Blood pressure monitors need to be recalibrated

I only recently found out, by bringing my own monitor to a GP in order to compare the readings, that my blood pressure monitor was showing readings of 15-16 points above the GP's one. My Omron was a number of years old and apparently one has to send these monitors about once every three years to get recalibrated. I trusted my old monitor although I got worried more than once because of very high readings.

21 Replies

  • I wouldn't know where to return mine, I got it from Amazon (its an Omron) and I have no idea what firm supplied it. I suppose a large chemist might do it?

  • Keep the receipt. I remember reading on Omron Web page that it's enough if you give them the serial number and they will know how old the monitor is. I think it comes with 3 years guarantee. But I'll always try to compare mine to my GP's one in about two years time to verify how similar the measurements are.

  • Well, yes I should have kept the receipt, but its a bit late for that now, I'm not intending to go back to my GP any time soon (famous last words) but next time I'm there I'll take the moniter with me ans see if she'll co-operate.

    I'll try dropping Omron an email as well and see what they suggest.

  • Sorry. Forgot that you don't need any receipt as you have your order form in email message and anyway, Amazon won't deal with this particular aspect.

  • wow thank you for that info ......I didnt realise they had to be( monitors I mean ) re recalibrated ....... try taking a long deep breathe and slowly exhaling whilst BP is being taken.... it calmes me ..... good luck x

  • You made me laugh!

  • Whenever i have bought a new one i always take it to the drs when i have reason to visit to make sure we have similar readings so i know my own is more or less right.

  • I consider myself to be far from being stupid, but I never thought about it. You must be a lot cleverer than I. Now, thinking back, I think that it's up to our GPs to attract our attention about this recalibration. Don't you agree with me?

  • Some years ago i had issue with my gp because he wouldnt accept that my readings at home were ok. So i took in my own monitor to prove it and had a 24 hr one fitted to prove i suffer white coat. So now if i buy a new one i take it in.

    Not everyone would have their own monitor, most, i would think, accept the reading they get whilst sat infront of their gp.

  • I was told quite recently, something nobody informed before, that patients can borrow a BP monitor from their surgery for a short period of time. This is important to know when people are given medication for such an important issue as not everybody can buy a monitor.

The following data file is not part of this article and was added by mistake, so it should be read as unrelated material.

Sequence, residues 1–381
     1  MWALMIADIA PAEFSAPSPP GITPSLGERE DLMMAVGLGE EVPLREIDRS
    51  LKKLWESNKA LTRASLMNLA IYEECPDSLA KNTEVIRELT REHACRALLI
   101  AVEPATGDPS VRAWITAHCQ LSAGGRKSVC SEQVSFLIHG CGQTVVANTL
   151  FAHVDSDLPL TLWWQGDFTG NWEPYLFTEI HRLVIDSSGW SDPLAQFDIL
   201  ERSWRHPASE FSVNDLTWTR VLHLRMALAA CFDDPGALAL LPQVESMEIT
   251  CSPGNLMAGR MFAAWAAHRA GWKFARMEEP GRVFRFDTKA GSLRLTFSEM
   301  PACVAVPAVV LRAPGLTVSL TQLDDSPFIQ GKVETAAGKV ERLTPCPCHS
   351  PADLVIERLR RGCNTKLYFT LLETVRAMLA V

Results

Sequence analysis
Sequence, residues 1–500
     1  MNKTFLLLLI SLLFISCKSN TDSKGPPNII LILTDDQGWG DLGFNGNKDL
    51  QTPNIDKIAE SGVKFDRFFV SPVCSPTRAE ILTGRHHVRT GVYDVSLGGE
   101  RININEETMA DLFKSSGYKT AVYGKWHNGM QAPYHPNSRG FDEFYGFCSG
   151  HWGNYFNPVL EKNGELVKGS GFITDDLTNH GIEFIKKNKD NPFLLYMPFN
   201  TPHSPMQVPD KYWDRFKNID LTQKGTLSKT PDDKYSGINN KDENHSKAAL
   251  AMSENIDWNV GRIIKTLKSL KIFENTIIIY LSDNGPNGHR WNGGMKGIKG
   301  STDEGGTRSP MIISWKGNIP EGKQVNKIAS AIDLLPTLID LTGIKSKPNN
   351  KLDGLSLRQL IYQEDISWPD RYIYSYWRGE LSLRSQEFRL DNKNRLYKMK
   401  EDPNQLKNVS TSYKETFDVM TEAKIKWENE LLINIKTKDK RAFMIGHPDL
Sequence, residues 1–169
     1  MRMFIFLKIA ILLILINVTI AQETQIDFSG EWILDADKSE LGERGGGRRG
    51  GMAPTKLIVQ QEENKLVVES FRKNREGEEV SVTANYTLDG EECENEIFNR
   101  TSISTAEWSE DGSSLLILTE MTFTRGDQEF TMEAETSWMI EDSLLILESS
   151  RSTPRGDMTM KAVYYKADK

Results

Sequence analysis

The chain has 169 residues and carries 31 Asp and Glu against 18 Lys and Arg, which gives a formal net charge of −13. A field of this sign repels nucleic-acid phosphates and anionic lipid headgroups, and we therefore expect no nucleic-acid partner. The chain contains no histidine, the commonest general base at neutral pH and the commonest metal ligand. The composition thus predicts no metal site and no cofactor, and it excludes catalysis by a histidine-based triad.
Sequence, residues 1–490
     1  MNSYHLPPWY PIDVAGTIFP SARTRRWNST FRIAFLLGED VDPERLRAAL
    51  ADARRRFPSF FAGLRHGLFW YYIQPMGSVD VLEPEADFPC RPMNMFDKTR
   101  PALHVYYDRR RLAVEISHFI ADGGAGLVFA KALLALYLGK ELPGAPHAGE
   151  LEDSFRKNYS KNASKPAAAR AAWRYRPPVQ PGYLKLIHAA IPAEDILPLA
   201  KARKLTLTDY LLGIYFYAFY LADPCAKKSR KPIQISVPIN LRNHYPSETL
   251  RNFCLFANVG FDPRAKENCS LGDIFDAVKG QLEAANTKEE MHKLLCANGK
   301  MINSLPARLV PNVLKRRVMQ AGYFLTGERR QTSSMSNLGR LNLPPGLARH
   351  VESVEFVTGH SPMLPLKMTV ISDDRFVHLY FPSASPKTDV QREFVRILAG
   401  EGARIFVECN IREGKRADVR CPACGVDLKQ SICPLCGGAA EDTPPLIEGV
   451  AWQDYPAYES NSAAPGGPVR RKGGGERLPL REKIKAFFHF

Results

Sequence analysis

• I expect it wouldnt be offered unless patient asked. I had to wait a couple of weeks for the 24 hr one.

  • I suppose one has to ask but nobody told me that they're available in the first place. You mean that in a normal surgery you were offered the 24h monitor? Are you a private patient as I only know of a hospital for heart problems where people are given such a specific monitor? What was their findings? Were you given medication for high BP?

  • My GP referred me to the hospital to get my 24hr one strapped to my arm. The velcro on the cuff was so worn it slipped loose whilst I was driving home so I wasn't sure how accurate it could be. My husband wrapped it closed using selotape and when I returned to the hospital next day I was told off for not using surgical tape!

    You just can't win sometimes can you?

  • I would have gone to the A&E and ask them to deal with it. It must have been quite stressful to be attached to such a monitor 24h.

  • 6g0

  • I found the whole business highly stressful especially as I don't sleep very well at the best of times (just can't drop off) so being woken up every 60 mins made life pretty impossible. What really pi**ed me off was being reprimanded for the selotape ..... I should have turned round and gone straight back on the way home - but I'd wasted so much time in the waiting room there wasn't much day left.

    Amazingly the results were more or less normal so they took me off the diuretic, although they left the other two meds on script.

  • I don't know how high your BP is nor what medicine you're taking, but after 2 different medicines made the blood results involving the liver look as if I had liver cancer, I just wonder whether you can't start, if you're not yet doing it, some daily physical activity and see if that won't help you in stopping taking the medicine as there is no medicine without side effect.

  • This is so true, a friend of mine went through the exact same issue and worry. Those bits of kit don't last forever and can cause unnecessary stress.

  • Exactly. It's strange that nothing is said by the GPs when we're asked about BP results using our monitors at home, as nothing is written either in the information leaflet that comes with the monitors. I was only worried about the batteries running out but nothing about the monitor having to be checked at least every three years.

  • Welcome to our forum! I just noticed that you're a new member with a lot of knowledge ready to impart to every one of us!

    Do you work in a hospital?

  • Ahh thank you for the welcome Rebec!:) Yes, I'm all about health and nutrition and ridding everyone I know of the ailments (and meds) that have increasingly crept into our lives and stayed over the last 3 decades - like BP!! I don't work in hospitals but I would if it would help. Basically I work with individuals on one a one-2-one basis. One cap doesn't fit all in terms of nutrition, so I don't pretend it does.

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